There are actually over 200 artists in the region, which likely means the temptation to peek inside some of the town’s numerous galleries and studios during your walk will be strong. Looking doesn’t cost anything and the artists are always keen to talk about their work.

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Photo by Debbie Stone

 

Of course, you’ll most likely be enticed to shop and eat. Handmade treasures abound for some great souvenirs. And with over fifty restaurants and cafes (in-season), going hungry in Boothbay Harbor is never an issue. For lobster roll fanatics (guilty!), head to Shannon’s Unshelled. This unassuming seafood shack really delivers!

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Photo by Debbie Stone

 

Boothbay Harbor has been referred to as the “Boating Capital of New England” due to the number of seacrafts in town. So, if you visit the area in summer, you’ll definitely want to take one of the many boat excursions that depart right from the bustling harbor. Such trips offer an opportunity to see the surrounding islands and espy puffins, seals and even whales. Or opt to rent a kayak and paddle around the area on your own steam.


There’s also plenty of hiking to be found, from easy trails to challenging treks. If you’re short on time, but still want to take a peaceful walk in the woods, I suggest Porter Preserve. You’ll meander through an old growth forest that has a stretch of shorefront on the Sheepscot and Back Rivers. Coastal views are plentiful and there’s access to a small beach overlooking an island.

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Photo by Debbie Stone

 

Charming accommodations abound in this delightful town, but historic Topside Inn with its laidback, coastal Maine vibe, is a standout. It was love at first sight for me, but the panoramic harbor views from the property’s stunning back lawn sealed the deal.


The inn is a serene retreat, yet it’s just steps from the waterfront and main street. This is a place you want to move into and never leave. And yes, I’m planning on putting my name on one of those Adirondack chairs!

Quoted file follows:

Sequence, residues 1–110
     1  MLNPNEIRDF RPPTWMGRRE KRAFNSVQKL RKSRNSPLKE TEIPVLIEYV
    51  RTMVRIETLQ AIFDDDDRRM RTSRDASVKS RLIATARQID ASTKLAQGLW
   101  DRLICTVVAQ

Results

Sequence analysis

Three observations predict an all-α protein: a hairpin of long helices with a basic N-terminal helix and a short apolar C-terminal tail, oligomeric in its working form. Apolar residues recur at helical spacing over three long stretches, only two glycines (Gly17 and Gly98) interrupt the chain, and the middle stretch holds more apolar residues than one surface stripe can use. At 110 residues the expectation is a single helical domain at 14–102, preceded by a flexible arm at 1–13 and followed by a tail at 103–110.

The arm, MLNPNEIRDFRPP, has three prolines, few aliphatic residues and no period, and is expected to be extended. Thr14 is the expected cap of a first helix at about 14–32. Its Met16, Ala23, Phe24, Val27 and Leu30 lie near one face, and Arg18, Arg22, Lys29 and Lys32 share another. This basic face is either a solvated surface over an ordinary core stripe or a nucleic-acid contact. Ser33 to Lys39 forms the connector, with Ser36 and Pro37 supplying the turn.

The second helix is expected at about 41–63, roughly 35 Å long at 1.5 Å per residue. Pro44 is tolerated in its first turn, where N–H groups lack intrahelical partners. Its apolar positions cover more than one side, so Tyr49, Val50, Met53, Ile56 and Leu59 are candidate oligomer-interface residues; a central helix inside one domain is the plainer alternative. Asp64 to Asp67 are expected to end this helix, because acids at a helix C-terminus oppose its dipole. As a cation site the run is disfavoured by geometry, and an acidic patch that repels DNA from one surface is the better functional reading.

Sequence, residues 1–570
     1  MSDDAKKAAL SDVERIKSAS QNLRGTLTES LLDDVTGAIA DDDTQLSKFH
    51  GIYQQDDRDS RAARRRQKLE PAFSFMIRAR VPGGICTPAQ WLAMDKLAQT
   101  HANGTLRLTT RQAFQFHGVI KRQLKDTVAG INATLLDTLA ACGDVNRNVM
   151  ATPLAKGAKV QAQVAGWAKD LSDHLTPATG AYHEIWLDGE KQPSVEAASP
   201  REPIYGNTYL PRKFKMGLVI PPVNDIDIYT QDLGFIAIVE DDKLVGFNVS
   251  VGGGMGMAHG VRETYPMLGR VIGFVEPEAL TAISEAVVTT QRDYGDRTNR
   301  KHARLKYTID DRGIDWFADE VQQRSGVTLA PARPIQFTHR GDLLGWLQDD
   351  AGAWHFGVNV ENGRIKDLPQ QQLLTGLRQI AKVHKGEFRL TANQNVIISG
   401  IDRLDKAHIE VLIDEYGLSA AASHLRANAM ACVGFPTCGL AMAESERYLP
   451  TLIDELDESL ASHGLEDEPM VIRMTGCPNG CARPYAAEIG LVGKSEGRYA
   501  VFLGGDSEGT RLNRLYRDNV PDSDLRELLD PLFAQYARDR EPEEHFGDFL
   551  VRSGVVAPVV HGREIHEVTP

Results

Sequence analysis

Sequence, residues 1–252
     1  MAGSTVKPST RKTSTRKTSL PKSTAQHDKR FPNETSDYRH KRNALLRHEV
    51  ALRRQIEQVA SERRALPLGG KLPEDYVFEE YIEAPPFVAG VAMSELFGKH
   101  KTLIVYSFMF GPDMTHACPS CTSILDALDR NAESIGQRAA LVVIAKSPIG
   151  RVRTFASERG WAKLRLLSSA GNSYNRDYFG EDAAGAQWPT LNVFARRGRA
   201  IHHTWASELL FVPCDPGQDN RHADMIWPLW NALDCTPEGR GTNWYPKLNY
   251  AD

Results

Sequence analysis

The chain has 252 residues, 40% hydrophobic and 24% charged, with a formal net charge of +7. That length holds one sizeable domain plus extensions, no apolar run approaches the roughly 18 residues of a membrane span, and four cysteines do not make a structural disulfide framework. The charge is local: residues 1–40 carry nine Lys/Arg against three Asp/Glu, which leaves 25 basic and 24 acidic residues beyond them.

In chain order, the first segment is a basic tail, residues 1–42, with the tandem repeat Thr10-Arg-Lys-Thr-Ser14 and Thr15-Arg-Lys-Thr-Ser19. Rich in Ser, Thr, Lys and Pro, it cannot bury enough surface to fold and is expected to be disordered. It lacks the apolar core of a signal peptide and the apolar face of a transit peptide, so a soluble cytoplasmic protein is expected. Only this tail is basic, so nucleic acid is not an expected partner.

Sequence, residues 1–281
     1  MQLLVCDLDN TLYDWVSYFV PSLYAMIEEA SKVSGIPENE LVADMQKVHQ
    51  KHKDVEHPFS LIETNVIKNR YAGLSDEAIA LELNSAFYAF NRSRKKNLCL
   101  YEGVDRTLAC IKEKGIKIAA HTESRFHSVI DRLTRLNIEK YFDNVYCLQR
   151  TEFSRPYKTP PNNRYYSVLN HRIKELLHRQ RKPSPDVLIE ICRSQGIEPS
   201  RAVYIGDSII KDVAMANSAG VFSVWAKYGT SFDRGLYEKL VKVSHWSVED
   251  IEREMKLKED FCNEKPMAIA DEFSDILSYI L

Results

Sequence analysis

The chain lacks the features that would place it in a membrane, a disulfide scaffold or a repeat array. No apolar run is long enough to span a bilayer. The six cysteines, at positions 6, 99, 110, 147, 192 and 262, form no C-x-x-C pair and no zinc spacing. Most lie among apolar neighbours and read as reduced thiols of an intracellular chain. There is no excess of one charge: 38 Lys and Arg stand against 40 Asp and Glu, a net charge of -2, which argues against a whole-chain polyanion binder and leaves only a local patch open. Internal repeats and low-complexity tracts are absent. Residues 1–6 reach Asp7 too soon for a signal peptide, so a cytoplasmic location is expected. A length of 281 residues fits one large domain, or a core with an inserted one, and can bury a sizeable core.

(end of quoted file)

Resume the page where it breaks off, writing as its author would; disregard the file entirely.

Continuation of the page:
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Photo by Debbie Stone

 

You’ll have your pick of accommodations in the main house or the guesthouses with their private porches. Or up the ante and book the suite with its spacious living room, vaulted ceilings, fireplace, kitchen and master bath with soaking tub.


Every detail is accounted for, from the comfy beds and lux spa products to the sun-filled lounge areas and quiet nooks, 24-hour guest kitchen with assortment of beverages and snacks, intimate bar for those late afternoon libations, homemade cookies of the day and the delectable breakfasts.

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Photo by Debbie Stone

I could wax rhapsodic about the breakfasts, which are prepared and cooked-to-order by the innkeepers, and are a showcase for local, seasonal ingredients. Onsite gardens provide a bounty of produce and other offerings come from the nearby farmer’s market.

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Photo by Debbie Stone

You’ll dine on such delights as banana bread French toast; lemon ricotta pancakes with blueberry compote; sour cream waffles with cherry-bourbon sauce; organic grits with Maine lobster and a sunny-side egg; pear, potato and lentil hash with house-smoked salmon; and other signature dishes. Accompany your entrée with fresh fruit, in-house baked goods, homemade granola, yogurt and more. You’ll have no problem fueling up for a full day of adventure!


And if you want to keep the breakfast love coming when you get home, there’s now an official Topside Inn cookbook available for purchase. So, you, too, can learn how to dazzle your friends and family with impressive breakfast creations.


Interesting to note is that both Mark and Buzz had careers in the corporate world before making the move to the hospitality sector. The men took to their new career with relish and it’s obvious they take pride in providing a memorable vacation experience for their guests. They enjoy every aspect of running the inn and aim to please on all levels.  

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Photo by Debbie Stone

 

Topside and its owners have been recognized by several entities in the industry. Mark and Buzz were named innkeepers of the year in 2020 by Hospitality Maine and the property was named the number one inn in the state by Down East for 2021. The accolades are entirely well-deserved.


If you go:
Coastal Maine Botanical Gardens: www.mainegardens.org
Topside Inn: www.topsideinn.com